Micrometeorological measurements of evapotranspiration (ET) often are affected to some degree by errors arising from limited fetch. A recently developed model was used to estimate fetch-induced errors in Bowen-ratio energy-budget measurements of ET made at a small wetland with fetch-to-height ratios ranging from 34 to 49. Estimated errors were small, averaging −1.90% ± 0.59%. The small errors are attributed primarily to the near-zero lower sensor height, and the negative bias reflects the greater Bowen ratios of the drier surrounding upland. Some of the variables and parameters affecting the error were not measured, but instead are estimated. A sensitivity analysis indicates that the uncertainty arising from these estimates is small. In general, fetch-induced error in measured wetland ET increases with decreasing fetch-to-height ratio, with increasing aridity and with increasing atmospheric stability over the wetland. Occurrence of standing water at a site is likely to increase the appropriate time step of data integration, for a given level of accuracy. Occurrence of extensive open water can increase accuracy or decrease the required fetch by allowing the lower sensor to be placed at the water surface. If fetch is highly variable and fetch-induced errors are significant, the variables affecting fetch (e.g., wind direction, water level) need to be measured. Fetch-induced error during the non-growing season may be greater or smaller than during the growing season, depending on how seasonal changes affect both the wetland and upland at a site.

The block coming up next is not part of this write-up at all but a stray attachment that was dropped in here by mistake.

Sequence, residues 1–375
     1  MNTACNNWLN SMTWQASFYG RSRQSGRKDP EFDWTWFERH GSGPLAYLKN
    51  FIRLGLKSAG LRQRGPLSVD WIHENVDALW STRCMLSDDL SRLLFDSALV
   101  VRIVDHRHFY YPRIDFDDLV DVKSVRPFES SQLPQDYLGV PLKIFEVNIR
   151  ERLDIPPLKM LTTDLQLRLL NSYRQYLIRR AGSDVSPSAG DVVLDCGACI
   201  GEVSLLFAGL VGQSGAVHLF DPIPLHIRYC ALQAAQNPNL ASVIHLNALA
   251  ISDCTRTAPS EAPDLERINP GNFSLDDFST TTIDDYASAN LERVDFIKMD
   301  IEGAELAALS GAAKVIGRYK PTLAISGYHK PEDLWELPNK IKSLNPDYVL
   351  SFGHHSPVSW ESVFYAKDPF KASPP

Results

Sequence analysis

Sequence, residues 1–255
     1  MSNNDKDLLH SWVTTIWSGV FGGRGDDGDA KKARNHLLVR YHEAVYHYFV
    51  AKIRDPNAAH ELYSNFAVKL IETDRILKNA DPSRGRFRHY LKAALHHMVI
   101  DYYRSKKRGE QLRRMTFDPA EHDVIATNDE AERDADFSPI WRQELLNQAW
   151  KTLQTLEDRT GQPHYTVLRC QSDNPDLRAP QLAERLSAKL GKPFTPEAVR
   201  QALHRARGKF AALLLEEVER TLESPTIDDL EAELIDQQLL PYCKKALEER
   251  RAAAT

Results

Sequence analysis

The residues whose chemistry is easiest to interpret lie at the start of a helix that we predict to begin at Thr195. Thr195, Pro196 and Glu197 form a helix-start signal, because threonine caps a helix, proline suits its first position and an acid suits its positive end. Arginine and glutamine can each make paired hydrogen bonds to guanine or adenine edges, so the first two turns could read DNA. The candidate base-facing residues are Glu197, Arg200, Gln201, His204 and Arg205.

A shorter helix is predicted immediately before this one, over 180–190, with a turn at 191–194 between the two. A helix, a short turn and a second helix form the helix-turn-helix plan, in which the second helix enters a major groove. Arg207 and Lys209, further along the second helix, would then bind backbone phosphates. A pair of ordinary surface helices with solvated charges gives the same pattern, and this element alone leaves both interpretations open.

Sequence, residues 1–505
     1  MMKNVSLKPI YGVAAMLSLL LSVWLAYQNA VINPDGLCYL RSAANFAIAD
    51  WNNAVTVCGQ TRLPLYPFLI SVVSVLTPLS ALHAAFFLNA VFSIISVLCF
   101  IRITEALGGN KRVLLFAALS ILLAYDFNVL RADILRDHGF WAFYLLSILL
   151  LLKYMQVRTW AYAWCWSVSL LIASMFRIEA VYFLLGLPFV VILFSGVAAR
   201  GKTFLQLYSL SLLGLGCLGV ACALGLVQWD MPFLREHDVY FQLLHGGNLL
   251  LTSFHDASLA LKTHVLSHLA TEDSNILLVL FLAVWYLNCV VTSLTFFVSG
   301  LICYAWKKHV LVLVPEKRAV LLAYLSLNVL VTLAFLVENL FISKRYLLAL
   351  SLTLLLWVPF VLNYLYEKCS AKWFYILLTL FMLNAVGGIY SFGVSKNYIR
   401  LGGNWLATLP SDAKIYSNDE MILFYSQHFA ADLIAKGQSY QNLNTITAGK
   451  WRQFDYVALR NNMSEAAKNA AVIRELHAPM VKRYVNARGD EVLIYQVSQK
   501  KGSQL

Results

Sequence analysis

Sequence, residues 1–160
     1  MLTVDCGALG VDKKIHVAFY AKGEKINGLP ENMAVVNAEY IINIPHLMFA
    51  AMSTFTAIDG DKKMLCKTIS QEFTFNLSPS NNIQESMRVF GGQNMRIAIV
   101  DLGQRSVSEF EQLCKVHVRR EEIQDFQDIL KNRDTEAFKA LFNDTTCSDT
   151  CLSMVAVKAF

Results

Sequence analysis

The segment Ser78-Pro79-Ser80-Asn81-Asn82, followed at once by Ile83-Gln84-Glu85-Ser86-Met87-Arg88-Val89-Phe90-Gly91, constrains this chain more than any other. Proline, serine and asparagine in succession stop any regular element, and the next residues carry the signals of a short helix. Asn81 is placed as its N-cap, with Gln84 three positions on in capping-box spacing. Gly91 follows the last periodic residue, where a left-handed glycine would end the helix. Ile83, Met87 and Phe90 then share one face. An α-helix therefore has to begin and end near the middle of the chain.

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Vol. 24 • No. 3